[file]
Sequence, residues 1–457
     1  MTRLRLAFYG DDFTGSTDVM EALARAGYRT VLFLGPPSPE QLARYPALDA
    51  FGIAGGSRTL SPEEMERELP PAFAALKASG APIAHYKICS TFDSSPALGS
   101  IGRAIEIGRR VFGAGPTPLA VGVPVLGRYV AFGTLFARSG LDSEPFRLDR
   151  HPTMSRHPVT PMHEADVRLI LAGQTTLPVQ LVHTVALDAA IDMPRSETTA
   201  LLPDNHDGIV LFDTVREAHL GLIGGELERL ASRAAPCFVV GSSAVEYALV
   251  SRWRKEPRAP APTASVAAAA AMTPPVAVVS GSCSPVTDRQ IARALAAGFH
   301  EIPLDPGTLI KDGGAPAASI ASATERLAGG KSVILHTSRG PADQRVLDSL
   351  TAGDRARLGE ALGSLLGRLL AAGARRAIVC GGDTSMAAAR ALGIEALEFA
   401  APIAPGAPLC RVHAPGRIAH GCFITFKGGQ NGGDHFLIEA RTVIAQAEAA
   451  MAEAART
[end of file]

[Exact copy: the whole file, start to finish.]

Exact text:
Sequence, residues 1–457
     1  MTRLRLAFYG DDFTGSTDVM EALARAGYRT VLFLGPPSPE QLARYPALDA
    51  FGIAGGSRTL SPEEMERELP PAFAALKASG APIAHYKICS TFDSSPALGS
   101  IGRAIEIGRR VFGAGPTPLA VGVPVLGRYV AFGTLFARSG LDSEPFRLDR
   151  HPTMSRHPVT PMHEADVRLI LAGQTTLPVQ LVHTVALDAA IDMPRSETTA
   201  LLPDNHDGIV LFDTVREAHL GLIGGELERL ASRAAPCFVV GSSAVEYALV
   251  SRWRKEPRAP APTASVAAAA AMTPPVAVVS GSCSPVTDRQ IARALAAGFH
   301  EIPLDPGTLI KDGGAPAASI ASATERLAGG KSVILHTSRG PADQRVLDSL
   351  TAGDRARLGE ALGSLLGRLL AAGARRAIVC GGDTSMAAAR ALGIEALEFA
   401  APIAPGAPLC RVHAPGRIAH GCFITFKGGQ NGGDHFLIEA RTVIAQAEAA
   451  MAEAART